As our Supreme Court explained nearly two centuries ago: "It has been repeatedly decided, by us, that . . . we will not allow points of law to be discussed, which were not made, or which were waived, in the court below. We adhere to these decisions. The rule which they establish, is a salutary one, essential to the preservation of the rights of parties, and to the due administration of justice." Torry v. Holmes, 10 Conn. 499, 507 (1835).
Requiring a party to distinctly raise a claim of error before the trial court is no mere formality; rather, it ensures that the trial court is specifically apprised of the alleged error and, thus, has an opportunity to respond accordingly. "As [our Supreme Court] repeatedly has observed, the essence of the preservation requirement is that fair notice be given to the trial court of the party's view of the governing law . . . . A secondary purpose of the preservation requirement is to prevent the possibility that an appellee would be lured into a course of conduct at the trial which it might have altered if it had any inkling that the [appellant] would . . . claim that such a course of conduct involved rulings which were erroneous and prejudicial to him. . . . Assigning error to a court's . . . rulings on the basis of objections never raised at trial unfairly subjects the court and the opposing party to trial by ambush." (Citations omitted; internal quotation marks omitted.) State v. Benedict, 313 Conn. 494, 505-506, 98 A.3d 42 (2014); accord State v. Jorge P., 308 Conn. 740, 753, 66 A.3d 869 (2013) ("the sina qua non of preservation is fair notice to the trial court"). Through that lens must an appellate body view claims of error on the part of the trial court.
In the context of jury instructions, a party "may preserve for appeal a claim that an instruction . . . was . . . defective either by: (1) submitting a written request to charge covering the matter; or (2) taking an exception to the charge as given." (Internal quotation marks omitted.) State v. King, supra, 289 Conn. 505; see also Practice Book § 42-16. The defendant in the present case filed a written request to charge. See footnote 5 of this opinion. The question, then, is whether that request sufficiently covered the matter so as to preserve the issue for appellate review. Put differently, the relevant inquiry is whether the defendant's request to charge alerted the trial court to the specific deficiency now claimed on appeal. See State v. Carter, supra, 198 Conn. 396.
We conclude that it did not. The distinct claim presented on appeal concerns the failure of the trial court to provide a defense of personal property instruction to the jury with respect to two of the three counts alleged in the operative information—namely, the robbery and assault counts, but not the criminal violation of a protective order count. On its face, the defendant's written request to charge is patently deficient in this regard, as it does not alert the trial court to such a request. The substance of that one page request merely communicated (1) the defendant's desire to have the court provide a defense of personal property instruction to the jury and (2) the defendant's belief that "[t]he evidence supports this request." As a result, the defendant's request is inherently ambiguous, in that it is unclear whether the defendant sought such an instruction as to only one of the charged offenses, all of the charged offenses, or some combination thereof.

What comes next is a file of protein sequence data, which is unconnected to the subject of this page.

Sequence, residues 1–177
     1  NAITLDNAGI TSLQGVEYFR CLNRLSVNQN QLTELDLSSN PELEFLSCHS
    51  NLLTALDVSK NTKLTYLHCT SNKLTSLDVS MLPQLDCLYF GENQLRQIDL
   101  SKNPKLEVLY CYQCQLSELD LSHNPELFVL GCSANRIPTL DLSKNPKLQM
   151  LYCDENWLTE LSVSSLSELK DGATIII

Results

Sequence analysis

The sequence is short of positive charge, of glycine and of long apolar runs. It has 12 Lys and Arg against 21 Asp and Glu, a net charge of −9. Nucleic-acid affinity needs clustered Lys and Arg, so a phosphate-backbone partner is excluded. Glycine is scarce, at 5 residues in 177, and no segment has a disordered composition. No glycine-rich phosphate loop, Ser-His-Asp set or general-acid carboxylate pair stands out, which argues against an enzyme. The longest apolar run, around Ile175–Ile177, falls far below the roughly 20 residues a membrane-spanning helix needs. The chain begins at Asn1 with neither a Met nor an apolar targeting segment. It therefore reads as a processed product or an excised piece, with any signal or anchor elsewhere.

As our Supreme Court has explained, "the submission of a request to charge covering the matter at issue preserves a claim that the trial court improperly failed to give an instruction on that matter. . . . In [such] instances, the trial court has been put on notice and afforded a timely opportunity to remedy the error. . . . It does not follow, however, that a request to charge addressed to the subject matter generally, but which omits an instruction on a specific component, preserves a claim that the trial court's instruction regarding that component was defective." (Citations omitted; emphasis in original.) State v. Ramos, 261 Conn. 156, 170-71, 801 A.2d 788 (2002), overruled in part on other grounds by State v. Elson, 311 Conn. 726, 754-55, 91 A.3d 862 (2014). A defendant's failure to distinctly raise an instructional claim in its written request to charge or to otherwise take an exception to the court's instruction renders that particular claim unpreserved for appellate review. See id., 171; see also State v. Tozier, 136 Conn. App. 731, 743, 46 A.3d 960 ("[t]he defendant did not preserve this claim for appellate review as he did not . . . distinctly raise these arguments [regarding instructional error] before the trial court"), cert. denied, 307 Conn. 925, 55 A.3d 567 (2012); State v. Joseph, 110 Conn. App. 454, 459-60, 955 A.2d 124 (because defendant's written request to charge contained general credibility instruction but did not distinctly raise issue of accomplice credibility, trial court "was not put on notice" of that issue, rendering it unpreserved), cert. denied, 289 Conn. 945, 959 A.2d 1010 (2008); Abdelsayed v. Narumanchi, 39 Conn. App. 778, 785, 668 A.2d 378 (1995) ("[W]hile the defendant did prepare a written request to charge, that proposed charge did not distinctly address the issue the defendant now raises. We, therefore, do not address his claim on appeal. [Footnote omitted.]"), cert. denied, 237 Conn. 915, 676 A.2d 397, cert. denied, 519 U.S. 868, 117 S. Ct. 180, 136 L. Ed. 2d 120 (1996); id., 785 n.1 (concluding that "these words [contained in the defendant's request to charge] did not sufficiently afford notice to the trial court as to the claimed error the defendant now raises"); contra Benanti v. Delaware Ins. Co., 86 Conn. 15, 21, 84 A. 109 (1912) ("[t]he issue of misrepresentation of title . . . was distinctly presented in the defendant's requests to charge"); cf. State v. Jones, 289 Conn. 742, 760, 961 A.2d 322 (2008) ("when the trial court failed to instruct the jury as the defendant had requested, defense counsel objected two different times, thus effectively preserving the issue for appellate review even if his written request to charge was ambiguous").